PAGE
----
#541 Cemetery Girl by David Bell

Cemetery Girl by David BellCemetery Girl by David Bell

In a world where you are tasked with raising a child and keeping him or her safe, one of the worst things to happen would be for that child to disappear. You would feel heartbroken, and you would blame yourself, but what if they came back?

Tom and his wife Abby are living a terrible half-life, an imitation of the real thing. Tom takes the dog, Frosty, to the pound. Frosty is the last living link to their daughter, Caitlin. Four years ago Caitlin disappeared while taking the dog for a walk. As the dog cannot speak, no one knows what happened to Caitlin. Leads have dried up. The case has been put on simmer. Abby wants to hold a fake memorial for Caitlin, just to feel some closure.

Tom and Abby decide to split. Their lives are just too different now. The disappearance of their twelve-year-old daughter has taken the tender things away from their relationship.

One day something surprising happens. There is a lead. A young woman who works at a strip club has a story to tell Tom. She says she saw his daughter, Caitlin, there in the strip club. She was with an old man, perfectly described by the witness. Everyone tells Tom not to get his hopes up, but it’s the first real lead they’ve had in years. A sketch is released to the public.

Meanwhile, Tom’s relationship with his brother is also strained. The younger brother, Buster, who has been in some trouble with the law, refuses to acknowledge that there was anything bad ever going on at the house while they were growing up. Tom and Buster butt heads continuously over things and seem to have falling-outs weekly.

Tom’s phone rings one day, and it’s the police. They have his daughter. Sure enough, Caitlin is there, alive, at the police station. She asks Tom never to ask where she was and what happened. Taking Caitlin home is strange. She is a different person now, and no one yet knows what the relationship is between Caitlin and her captor. How did it happen? Why didn’t she try to run away sooner?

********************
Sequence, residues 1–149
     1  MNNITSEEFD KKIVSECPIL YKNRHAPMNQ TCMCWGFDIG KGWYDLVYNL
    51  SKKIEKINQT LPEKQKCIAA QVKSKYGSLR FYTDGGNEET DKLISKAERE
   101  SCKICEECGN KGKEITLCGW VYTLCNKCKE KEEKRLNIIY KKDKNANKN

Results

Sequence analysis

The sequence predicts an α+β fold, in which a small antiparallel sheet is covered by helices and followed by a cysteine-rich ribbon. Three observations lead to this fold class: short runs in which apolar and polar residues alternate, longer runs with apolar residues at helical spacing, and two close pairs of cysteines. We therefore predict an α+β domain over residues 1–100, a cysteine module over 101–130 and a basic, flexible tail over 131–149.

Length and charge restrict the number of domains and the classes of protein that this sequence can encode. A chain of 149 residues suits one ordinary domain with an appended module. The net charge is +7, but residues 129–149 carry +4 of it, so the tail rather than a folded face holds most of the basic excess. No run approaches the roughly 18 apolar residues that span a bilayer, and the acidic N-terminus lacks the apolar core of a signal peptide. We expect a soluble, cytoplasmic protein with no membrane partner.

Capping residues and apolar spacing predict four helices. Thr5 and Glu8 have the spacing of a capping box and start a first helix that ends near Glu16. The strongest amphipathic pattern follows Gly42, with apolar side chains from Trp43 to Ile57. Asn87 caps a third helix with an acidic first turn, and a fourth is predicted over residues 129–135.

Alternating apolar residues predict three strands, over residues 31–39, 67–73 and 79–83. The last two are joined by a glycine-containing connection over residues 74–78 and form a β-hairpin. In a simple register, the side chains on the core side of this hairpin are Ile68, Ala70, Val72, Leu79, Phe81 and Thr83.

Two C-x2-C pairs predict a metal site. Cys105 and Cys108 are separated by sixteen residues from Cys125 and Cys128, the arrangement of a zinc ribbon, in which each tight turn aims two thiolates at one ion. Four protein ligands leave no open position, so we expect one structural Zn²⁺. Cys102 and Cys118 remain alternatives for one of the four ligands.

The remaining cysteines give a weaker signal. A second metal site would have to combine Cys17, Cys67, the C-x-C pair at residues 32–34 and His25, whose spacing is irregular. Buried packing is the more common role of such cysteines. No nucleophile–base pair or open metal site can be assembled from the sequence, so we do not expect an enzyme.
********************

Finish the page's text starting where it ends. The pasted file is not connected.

Things go from bad to worse before any semblance of progress appears. David begins to think he sees another girl, much like Caitlin in the cemetery beside the park. First, he thinks she is a ghost of Caitlin, but the truth comes out. The truth that does come out would break any parent’s heart.

 

What I liked

I’ve read similar books, some of them were actually true stories, such as Jaycee Dugard’s memoir. Girls are frequently taken and for various reasons. They’re taken away from parents, who, no doubt, blame themselves to a large extent. What could they have done? There is nothing they would not give to have the chance to have their daughter back again. This book shows the harsh reality of getting the daughter back. It may not be the fairytale reunion you had always dreamed of. Things may have been happening that have completely changed who your daughter is. I liked the psychology of this book.

David weaves in enough self-doubt to put and edge on the whole story. Any of us would doubt ourselves. Any of us would have trouble with this situation. Tom’s life seems very authentic to

 

What I didn’t like

We are looking at a case of Stockholm syndrome here. We are talking about a little girl who was taken away from her family. Her emotions and not fully developed brain played a part in her being able to believe the things she believed of her captor.

She was only twelve years old when she was taken. Twelve is such a malleable age in a girl’s life. You women know what I’m talking about; the men have no idea. At twelve, you are just going through puberty, or you recently went through puberty. You’re not a little girl, but you’re not a woman either. You believe everything everyone says about you. You have not developed the bit of thicker skin that comes with growing up a few years and facing some more grown-up challenges. If someone tells you you’re fat, you believe them. If someone tells you that you’re ugly, you believe them. If someone tells you that your parents don’t love you anymore and that you should stay with that person, you believe them.

Just as an aside, let this be a reminder to all of you–be careful of what you say to girls that are twelve and around that age. You might say something to them that damages them for life. The psyche of a preteen girl is a fragile thing.

If this girl had been a little older, by just a couple of years or so, she would have been able to resist this man just a little more so. Give her four more years, and she would have gone kicking and screaming.

 

Overall

This book is a fast and entertaining read that will leave you wondering what’s going to happen next.

by

Ashe is the primary author and creator of One-elevenbooks. The project was created in 2011 as a personal challenge to Ashe. She believes it has tremendously helped her writing and story telling skills. She hopes to one day get paid to sit in a corner and read and draw, but traveling is good too. Ashe is a life-long artist and writer with bachelor's degrees in Fine Arts and Information Technology.

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